Julia Child's life had a dash of espionage

Julia Child's life had a dash of espionage

WASHINGTON Julia Child's career as a cooking authority has been well-documented, but recently declassified government files shed light on a lesser-known part of her past: as an intelligence officer during World War II.

The National Archives on Thursday released more than 35,000 personnel files of people who served in the Office of Strategic Services, an intelligence agency that preceded the CIA. Among the 750,000 pages of documents was the file of Child, who joined the OSS in 1942, years before she fell in love with cooking.

In her application to the agency was a handwritten note explaining why she suddenly quit her job as an ad copywriter at a furniture store, according to a report by the Associated Press. The report quoted the note as saying: "I made a tactical error and was out. However, I learned a lot about advertising and wish I had been older and more experienced so that I could have handled the situation, as it was a most interesting position."

Child's first job at the OSS was as a clerk working directly for the agency's leader, Gen. William J. Donovan. She later worked for the OSS Emergency Sea Rescue Equipment Section and was part of a team that developed shark repellent to keep the animals away from underwater explosives. In 1944 she was sent to Ceylon, now called Sri Lanka, where she was served as chief of the OSS Registry and had knowledge of all incoming and outgoing messages in the office there, according to an article on the CIA's website.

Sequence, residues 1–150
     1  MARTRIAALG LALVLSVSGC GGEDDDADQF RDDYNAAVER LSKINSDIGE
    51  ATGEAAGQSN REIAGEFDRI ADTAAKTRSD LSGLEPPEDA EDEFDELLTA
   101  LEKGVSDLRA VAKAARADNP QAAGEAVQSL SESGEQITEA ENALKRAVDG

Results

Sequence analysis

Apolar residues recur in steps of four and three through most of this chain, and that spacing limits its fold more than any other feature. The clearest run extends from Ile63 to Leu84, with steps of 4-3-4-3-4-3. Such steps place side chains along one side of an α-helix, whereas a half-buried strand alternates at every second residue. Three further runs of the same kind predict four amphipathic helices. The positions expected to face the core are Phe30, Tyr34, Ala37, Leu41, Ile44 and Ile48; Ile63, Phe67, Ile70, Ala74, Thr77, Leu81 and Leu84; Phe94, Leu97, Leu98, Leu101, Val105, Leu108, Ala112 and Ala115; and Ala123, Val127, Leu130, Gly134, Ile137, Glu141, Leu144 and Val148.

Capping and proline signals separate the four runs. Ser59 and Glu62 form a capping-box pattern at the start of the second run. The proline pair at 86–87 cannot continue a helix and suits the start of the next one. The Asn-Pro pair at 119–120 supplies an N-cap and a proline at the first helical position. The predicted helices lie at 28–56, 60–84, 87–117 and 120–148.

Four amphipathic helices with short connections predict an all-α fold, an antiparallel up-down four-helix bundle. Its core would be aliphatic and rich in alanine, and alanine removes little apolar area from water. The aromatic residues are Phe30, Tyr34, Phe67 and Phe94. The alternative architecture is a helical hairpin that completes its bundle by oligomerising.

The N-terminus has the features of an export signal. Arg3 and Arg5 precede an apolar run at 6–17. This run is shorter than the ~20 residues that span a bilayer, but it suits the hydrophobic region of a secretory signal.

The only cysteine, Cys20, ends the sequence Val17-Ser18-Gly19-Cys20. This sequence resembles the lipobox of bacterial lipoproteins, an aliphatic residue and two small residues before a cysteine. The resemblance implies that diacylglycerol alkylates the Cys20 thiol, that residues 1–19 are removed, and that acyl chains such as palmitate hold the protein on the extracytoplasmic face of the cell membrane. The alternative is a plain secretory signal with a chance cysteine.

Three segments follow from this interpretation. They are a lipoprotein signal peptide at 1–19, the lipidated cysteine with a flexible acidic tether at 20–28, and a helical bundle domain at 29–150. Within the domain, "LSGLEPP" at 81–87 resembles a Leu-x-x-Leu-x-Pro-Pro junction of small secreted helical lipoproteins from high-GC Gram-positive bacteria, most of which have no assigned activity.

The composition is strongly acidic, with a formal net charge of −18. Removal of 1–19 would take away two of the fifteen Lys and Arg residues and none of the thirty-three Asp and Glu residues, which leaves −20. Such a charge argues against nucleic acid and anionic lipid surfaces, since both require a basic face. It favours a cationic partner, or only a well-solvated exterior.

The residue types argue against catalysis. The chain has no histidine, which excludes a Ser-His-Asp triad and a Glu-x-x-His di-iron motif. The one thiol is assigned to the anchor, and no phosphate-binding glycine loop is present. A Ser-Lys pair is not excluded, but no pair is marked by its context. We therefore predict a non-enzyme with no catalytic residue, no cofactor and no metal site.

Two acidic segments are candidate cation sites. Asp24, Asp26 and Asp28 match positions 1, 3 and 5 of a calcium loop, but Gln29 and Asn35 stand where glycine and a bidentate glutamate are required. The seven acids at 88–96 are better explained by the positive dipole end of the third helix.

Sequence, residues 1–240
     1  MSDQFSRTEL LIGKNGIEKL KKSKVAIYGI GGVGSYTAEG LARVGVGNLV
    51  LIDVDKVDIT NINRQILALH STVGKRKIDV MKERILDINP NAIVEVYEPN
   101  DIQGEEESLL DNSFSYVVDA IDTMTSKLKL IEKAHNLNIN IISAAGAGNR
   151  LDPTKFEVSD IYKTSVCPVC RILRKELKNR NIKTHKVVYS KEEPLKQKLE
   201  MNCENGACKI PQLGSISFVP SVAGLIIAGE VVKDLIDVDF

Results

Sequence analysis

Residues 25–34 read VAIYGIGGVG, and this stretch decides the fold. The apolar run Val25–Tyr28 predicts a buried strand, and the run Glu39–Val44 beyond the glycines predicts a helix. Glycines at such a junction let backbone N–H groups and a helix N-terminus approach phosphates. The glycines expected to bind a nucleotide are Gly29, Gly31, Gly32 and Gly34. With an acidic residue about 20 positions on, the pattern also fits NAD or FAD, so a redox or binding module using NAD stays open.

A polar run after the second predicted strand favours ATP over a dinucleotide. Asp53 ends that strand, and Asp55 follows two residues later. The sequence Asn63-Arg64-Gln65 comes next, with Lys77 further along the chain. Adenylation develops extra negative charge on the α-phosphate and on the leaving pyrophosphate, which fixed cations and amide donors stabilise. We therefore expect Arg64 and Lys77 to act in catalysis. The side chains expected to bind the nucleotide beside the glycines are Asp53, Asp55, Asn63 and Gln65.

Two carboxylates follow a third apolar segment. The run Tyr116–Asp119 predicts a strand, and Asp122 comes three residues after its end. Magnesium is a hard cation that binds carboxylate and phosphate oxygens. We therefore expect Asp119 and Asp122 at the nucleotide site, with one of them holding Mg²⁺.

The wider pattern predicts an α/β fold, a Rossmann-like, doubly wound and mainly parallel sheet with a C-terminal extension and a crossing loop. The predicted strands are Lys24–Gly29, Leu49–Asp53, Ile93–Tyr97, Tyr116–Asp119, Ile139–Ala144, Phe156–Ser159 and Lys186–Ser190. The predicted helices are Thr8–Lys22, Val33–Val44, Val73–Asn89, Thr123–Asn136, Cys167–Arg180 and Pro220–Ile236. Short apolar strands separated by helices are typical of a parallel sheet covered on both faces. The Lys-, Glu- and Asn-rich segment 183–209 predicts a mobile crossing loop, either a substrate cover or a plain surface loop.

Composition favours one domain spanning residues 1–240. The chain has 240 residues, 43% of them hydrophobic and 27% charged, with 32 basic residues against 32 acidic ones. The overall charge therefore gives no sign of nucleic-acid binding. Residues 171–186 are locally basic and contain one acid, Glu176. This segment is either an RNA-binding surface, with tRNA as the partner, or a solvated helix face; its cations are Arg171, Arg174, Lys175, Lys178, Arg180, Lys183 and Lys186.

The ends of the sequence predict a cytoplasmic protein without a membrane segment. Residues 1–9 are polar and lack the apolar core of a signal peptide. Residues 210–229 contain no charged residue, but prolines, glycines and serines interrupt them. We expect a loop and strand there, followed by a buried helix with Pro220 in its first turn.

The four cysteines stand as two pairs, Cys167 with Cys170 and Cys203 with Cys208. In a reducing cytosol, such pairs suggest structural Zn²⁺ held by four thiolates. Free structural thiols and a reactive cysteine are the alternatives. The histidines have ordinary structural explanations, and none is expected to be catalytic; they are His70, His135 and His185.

While she was overseas, she met her future husband, Paul Child, who was a fellow OSS officer. They married in 1946 and eventually moved to Paris, where Paul Child served in the American Embassy. In Paris, Julia Child attended the Cordon Bleu cooking school, which sparked her culinary career.

Julia Child is one of several well-known figures who served in the OSS, whose members also included Supreme Court justice Arthur Goldberg and actor Sterling Hayden.